Digital Health Doctor's Concern Health Care Healthcare Technology Latest Trends

Indian Pharma firms getting ready to make drug Remdesivir to ‘fight coronavirus’

Written by Mary Pooja

The coronavirus pandemic has killed over 3,00,000 people globally, and several Drugmakers are racing to develop a viable treatment or vaccine to combat the outbreak.

With no other approved treatment for COVID-19, the respiratory illness caused by the novel coronavirus have paved a way to show more interest towards Remdesivir. A vaccine which is currently spiking. To this end, Gilead Sciences Inc has signed a non-exclusive licensing pact with five Generic Drugmakers to expand the supply of its experimental COVID-19 treatment Remdesivir.

This agreement allows the Cipla Limited, Ferozsons Laboratories, Hetero Labs Ltd, Jubilant Lifesciences, and Mylan to manufacture the Drug which has been developed by Gilead Sciences in the US under patent protection until 2035. Gilead has named the Drug, under the brand name “Veklury”

“The licenses are royalty-free until the World Health Organization declares the end of the Public Health Emergency of International Concern regarding COVID-19, or until a pharmaceutical product other than Remdesivir or a vaccine is approved to treat or prevent Covid-19, whichever is earlier,” Gilead said.

As per Gilead’s press release, the agreement allows five companies to produce and sell generic Remdesivir in a host of countries like Afghanistan, Bangladesh, Philippines, South Africa, Thailand, and Ukraine. Among others.

India – A Leadership Position!

At present, India contributes more than 20 percent by value to the global generic markets, and by volume — supplies more than 40 percent of United States’ drugs. Indian Pharma holds a 15 percent share in the world market and the drugs have been exported to more than 120 countries in the world.

Also, India co-sponsored a resolution at the United Nations General Assembly. It called for fair, transparent and equitable access to essential medical Supplies and any future vaccines for the coronavirus.

Remdesivir in India – Will it really help us?

Indian medical science and drug control authorities will have to first decide how they want to use the drug on patients. A senior scientist at the Indian Council of Medical Research (ICMR) has said that it will consider using the drug if Indian firms are able to make it.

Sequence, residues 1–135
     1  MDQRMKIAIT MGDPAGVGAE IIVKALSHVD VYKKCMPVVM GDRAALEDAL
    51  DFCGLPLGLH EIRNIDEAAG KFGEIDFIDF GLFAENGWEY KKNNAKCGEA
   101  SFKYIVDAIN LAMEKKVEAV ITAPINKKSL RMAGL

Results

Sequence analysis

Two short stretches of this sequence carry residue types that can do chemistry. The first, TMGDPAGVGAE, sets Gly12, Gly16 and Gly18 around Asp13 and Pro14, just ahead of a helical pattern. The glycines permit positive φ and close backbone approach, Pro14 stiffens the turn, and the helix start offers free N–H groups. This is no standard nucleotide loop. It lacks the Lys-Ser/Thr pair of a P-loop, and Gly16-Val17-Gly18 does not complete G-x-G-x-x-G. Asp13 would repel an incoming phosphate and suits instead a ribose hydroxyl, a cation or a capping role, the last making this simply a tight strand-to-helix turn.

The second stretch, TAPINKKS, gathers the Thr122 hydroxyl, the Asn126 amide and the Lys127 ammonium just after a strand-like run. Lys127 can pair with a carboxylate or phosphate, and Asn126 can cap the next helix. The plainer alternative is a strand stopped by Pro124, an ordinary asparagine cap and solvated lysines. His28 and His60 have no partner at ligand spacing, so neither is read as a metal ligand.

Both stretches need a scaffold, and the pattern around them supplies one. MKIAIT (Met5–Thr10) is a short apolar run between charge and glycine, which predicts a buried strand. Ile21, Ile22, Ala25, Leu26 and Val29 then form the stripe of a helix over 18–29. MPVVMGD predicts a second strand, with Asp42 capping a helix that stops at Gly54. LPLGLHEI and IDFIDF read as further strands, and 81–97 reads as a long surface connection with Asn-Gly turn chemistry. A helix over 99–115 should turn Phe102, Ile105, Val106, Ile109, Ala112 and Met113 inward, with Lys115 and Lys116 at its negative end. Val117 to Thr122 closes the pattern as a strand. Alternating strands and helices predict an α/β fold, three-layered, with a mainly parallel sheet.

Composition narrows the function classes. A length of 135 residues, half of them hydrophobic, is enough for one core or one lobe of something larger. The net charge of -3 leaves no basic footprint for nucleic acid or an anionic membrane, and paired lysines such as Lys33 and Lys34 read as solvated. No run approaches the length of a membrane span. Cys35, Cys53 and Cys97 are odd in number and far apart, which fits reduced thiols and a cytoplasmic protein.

As per Gilead, for patients in India, they have enrolled in the Solidarity trial of WHO.

“India is part of the large global study designed by the WHO – the Solidarity trial. This trial is the best way for patients to access remdesivir, enabling access to remdesivir and collecting data to inform the use of this investigational compound and support potential regulatory approvals that can enable broader use of remdesivir,”

Challenges foreseen for Remdesivir

The BBC’s Health and Science news quotes saying “It is also not clear who is benefiting from the drug and poses a few questions”.

Is it allowing people who would have recovered anyway to do so more quickly? Or is it preventing people from needing treatment in intensive care? Did the drug work better in younger or older people? Or those with or without other diseases? Do patients have to be treated early when the virus is thought to peak in the body?

And the major challenges would be production of the drug as it requires scarce raw materials, with their own lengthy production time, and specialized manufacturing capabilities with limited global capacity. Any disruption to the supply chain impacting these scarce raw materials and other manufacturing inputs could reduce the amount of Remdesivir produced and increase the time it takes to do so.


About the author

Mary Pooja